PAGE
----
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Unread 01-31-2022, 09:33 PM   #61
travisinfla
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thanks

Florida Code 2020 below not required on shower floor but walls seems to require waterproofing. So I'll need to assess whether to leave the floor as is, or have floor torn out and tied into the walls and bench. It has a good slope tho. If the walls and bench are water proofed, then the water that falls on the bench will go down the front of it onto the existing floor slope towards the drain.

R702.4 Ceramic tile.
Ceramic tile surfaces shall be installed in accordance with ANSI A108.1, A108.4, A108.5, A108.6, A108.11, A118.1, A118.3, A136.1 and A137.1.
R702.7 Vapor Retarders
Class I or II vapor retarders are required on the interior side of frame walls

SECTION 421 SHOWERS
421.1 Approval.
Prefabricated showers and shower compartments shall conform to ASME A112.19.2/CSA B45.1 or CSA B45.5/IAPMO Z124. Shower valves for individual showers shall conform to the requirements of Section 412.3.

421.4.1 Floor and wall area.
Bathtub floors, shower floors, wall areas above built-in tubs that have installed shower heads and walls in shower compartments shall be constructed of smooth, corrosion-resistant and nonabsorbent waterproof materials. Wall materials shall extend to a height of not less than 6 feet (1829 mm) above the room floor level, and not less than 70 inches (1778 mm) above the drain of the tub or shower. Such walls shall form a water-tight joint with each other and with either the tub or shower floor.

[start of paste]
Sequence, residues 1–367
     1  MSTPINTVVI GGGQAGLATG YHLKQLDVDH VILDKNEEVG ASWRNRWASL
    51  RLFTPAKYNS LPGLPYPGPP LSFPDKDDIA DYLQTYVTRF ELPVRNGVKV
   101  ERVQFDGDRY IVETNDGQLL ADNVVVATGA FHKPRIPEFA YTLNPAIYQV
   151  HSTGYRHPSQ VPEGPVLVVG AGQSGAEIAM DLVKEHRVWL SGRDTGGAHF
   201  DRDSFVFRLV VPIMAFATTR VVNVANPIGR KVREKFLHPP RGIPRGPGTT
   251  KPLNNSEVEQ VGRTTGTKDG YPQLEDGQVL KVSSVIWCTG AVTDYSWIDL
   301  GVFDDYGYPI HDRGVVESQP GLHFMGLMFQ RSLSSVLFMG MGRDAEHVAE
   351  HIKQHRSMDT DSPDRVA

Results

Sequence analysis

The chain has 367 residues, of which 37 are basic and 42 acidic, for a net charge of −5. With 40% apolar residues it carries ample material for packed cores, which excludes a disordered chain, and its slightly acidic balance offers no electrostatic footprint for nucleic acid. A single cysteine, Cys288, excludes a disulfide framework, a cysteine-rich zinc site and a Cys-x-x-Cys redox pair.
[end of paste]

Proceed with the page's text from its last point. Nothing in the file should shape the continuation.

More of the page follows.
421.5. Shower floors or receptors.
Floor surfaces shall be constructed of impervious, noncorrosive, nonabsorbent and waterproof materials.

421.5.2. Shower lining.
Floors under shower compartments, except where prefabricated receptors have been provided, shall be lined and made water tight utilizing material complying with Sections 421.5.2.1 through 421.5.2.6. Such liners shall turn up on all sides not less than 2 inches (51 mm) above the finished threshold level. Liners shall be recessed and fastened to an approved backing so as not to occupy the space required for wall covering, and shall not be nailed or perforated at any point less than 1 inch (25 mm) above the finished threshold. Liners shall be pitched one-fourth unit vertical in 12 units horizontal (2-percent slope) and shall be sloped toward the fixture drains and be securely fastened to the waste outlet at the seepage entrance, making a water-tight joint between the liner and the outlet. The completed liner shall be tested in accordance with Section 312.9.